Ramnarine tells WICB `let good sense prevail’
World Cup pay talks continue this weekend
By Adriel Richard
February 10, 2007
BRIDGETOWN, Barbados (CMC) – Dinanath Ramnarine, executive president of the West Indies Players’ Association (WIPA), hopes “good sense will prevail” and differences over pay for the Cricket World Cup 2007 can be settled amicably with the West Indies Cricket Board (WICB).
The Players Association and the WICB appear headed on a collision course over the level of remuneration for the players for CWC 2007 to be staged in the Caribbean for the first time from March 11 to April 28.
“We have not reached agreement yet, but I see no reason why we cannot,” Ramnarine told reporters at a news conference yesterday.
“Other countries have set certain guidelines for the remuneration of their players of which the WICB are aware, and I am sure they must be considering.”
Disputes over pay, sharing of profits, and conditions of employment have beset negotiations between the two sides over the last three years, and things seemed to have settled down when they signed a Memorandum of Understanding last year.
The players, however, made the recent trip to India under protest because the WICB again failed to meet their demands for a share of profits from the tour, and they again seem miles apart during this latest negotiation.
CMC understands that WIPA is pushing for a 25 per cent share of any guaranteed payments from CWC 2007 – an amount some other international boards have committed to their players – but the cash-strapped WICB has proposed a meagre two per cent.
“The players’ terms have been agreed with the ICC since 2003, so this is not really up for negotiations,” he said.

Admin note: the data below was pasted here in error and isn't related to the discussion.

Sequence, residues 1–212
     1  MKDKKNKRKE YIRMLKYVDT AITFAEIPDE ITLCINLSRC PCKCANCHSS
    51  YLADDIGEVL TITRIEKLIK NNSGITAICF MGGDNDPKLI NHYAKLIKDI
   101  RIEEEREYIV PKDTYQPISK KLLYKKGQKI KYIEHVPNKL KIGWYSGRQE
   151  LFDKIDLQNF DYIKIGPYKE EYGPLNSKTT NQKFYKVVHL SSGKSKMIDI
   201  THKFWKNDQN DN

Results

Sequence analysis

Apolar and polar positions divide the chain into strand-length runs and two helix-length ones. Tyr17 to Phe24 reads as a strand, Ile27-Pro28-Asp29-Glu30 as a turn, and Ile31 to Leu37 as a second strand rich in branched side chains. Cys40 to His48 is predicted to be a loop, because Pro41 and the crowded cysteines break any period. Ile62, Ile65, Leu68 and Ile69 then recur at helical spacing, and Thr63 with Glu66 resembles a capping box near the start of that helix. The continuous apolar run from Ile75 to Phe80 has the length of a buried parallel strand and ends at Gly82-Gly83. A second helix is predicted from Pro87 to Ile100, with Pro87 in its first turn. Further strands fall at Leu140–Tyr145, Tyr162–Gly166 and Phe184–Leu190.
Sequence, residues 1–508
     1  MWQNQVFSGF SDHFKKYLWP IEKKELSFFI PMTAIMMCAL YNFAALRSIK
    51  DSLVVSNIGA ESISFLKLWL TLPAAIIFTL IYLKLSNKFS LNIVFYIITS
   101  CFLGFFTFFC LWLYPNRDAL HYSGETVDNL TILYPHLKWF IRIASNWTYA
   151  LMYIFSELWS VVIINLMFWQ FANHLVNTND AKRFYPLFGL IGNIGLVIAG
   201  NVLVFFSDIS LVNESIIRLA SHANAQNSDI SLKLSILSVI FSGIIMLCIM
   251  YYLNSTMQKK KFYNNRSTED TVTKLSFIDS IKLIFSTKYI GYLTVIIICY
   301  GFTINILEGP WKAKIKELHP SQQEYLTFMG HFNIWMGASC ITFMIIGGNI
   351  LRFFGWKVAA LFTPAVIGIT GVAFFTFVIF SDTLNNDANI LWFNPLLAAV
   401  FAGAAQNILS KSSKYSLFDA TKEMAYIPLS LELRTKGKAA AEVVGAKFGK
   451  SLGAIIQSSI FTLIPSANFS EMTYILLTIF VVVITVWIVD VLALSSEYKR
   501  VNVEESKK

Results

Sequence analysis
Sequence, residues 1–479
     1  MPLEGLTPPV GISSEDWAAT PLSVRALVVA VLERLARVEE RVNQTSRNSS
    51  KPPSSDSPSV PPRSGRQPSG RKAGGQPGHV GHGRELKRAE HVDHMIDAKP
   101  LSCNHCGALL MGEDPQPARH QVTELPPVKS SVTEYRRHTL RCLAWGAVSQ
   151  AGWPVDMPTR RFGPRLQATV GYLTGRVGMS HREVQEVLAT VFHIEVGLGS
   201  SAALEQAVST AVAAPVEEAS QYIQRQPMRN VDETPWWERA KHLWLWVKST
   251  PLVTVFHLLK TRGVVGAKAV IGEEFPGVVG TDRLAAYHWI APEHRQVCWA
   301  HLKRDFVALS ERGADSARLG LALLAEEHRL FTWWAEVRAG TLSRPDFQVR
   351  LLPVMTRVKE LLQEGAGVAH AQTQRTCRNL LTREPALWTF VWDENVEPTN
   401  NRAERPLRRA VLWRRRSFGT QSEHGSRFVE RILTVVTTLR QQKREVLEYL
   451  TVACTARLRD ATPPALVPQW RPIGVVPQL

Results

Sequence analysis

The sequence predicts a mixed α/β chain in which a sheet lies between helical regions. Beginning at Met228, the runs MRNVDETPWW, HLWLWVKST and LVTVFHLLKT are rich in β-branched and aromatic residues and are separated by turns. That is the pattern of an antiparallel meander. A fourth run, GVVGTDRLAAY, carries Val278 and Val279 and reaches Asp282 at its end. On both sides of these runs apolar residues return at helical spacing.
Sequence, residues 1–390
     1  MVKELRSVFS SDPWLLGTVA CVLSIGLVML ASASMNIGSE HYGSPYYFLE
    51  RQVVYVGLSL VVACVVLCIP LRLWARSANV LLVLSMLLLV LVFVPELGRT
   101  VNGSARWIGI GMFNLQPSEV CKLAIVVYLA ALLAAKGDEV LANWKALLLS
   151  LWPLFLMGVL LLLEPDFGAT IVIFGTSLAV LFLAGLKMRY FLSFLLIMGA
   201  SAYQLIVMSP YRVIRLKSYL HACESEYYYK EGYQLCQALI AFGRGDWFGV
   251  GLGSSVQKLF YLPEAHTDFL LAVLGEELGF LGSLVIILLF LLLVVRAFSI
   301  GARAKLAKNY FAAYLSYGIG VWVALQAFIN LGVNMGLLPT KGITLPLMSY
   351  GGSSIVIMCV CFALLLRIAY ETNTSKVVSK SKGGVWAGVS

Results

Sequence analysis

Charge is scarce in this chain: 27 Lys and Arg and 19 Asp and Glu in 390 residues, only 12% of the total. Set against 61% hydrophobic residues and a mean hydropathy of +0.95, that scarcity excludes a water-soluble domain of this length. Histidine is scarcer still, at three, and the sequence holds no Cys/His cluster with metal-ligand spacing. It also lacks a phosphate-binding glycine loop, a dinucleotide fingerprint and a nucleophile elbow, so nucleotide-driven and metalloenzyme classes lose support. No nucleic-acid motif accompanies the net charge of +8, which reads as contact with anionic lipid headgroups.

“What we are negotiating right now is for what is fair and reasonable for the obligations the players have to all the ICC sponsors, since there are a number of restrictions which prevent players from getting personal sponsorships during the World Cup.
“So signing the players’ terms for the World Cup will be subject to us agreeing on the level of remuneration for the players to participate.”
Ramnarine observed WIPA had proposed to the WICB that they start negotiations for CWC 2007 last September to avoid what is now occurring, but the regional governing body only came to the table last month.
“We are committed to making sure that our team has the best chance of going all the way,” he said.
“The last time we won the World Cup was 1979, and if we could win this year, I think it would do a lot for our cricket, it would do a lot for our people, and we will do all we can to ensure that this goes smoothly and that our players are not sidetracked by other issues.
“We will not, however, compromise on our principles and we will continue to do – as we have always done – negotiate in good faith and we hope we can reach agreement soon, so that our players can focus on the job at hand.”
Another meeting of the two sides is scheduled for this weekend in Trinidad, and Ramnarine believes that too much has been invested by the Governments and people of the Caribbean for it to be marred by another dispute.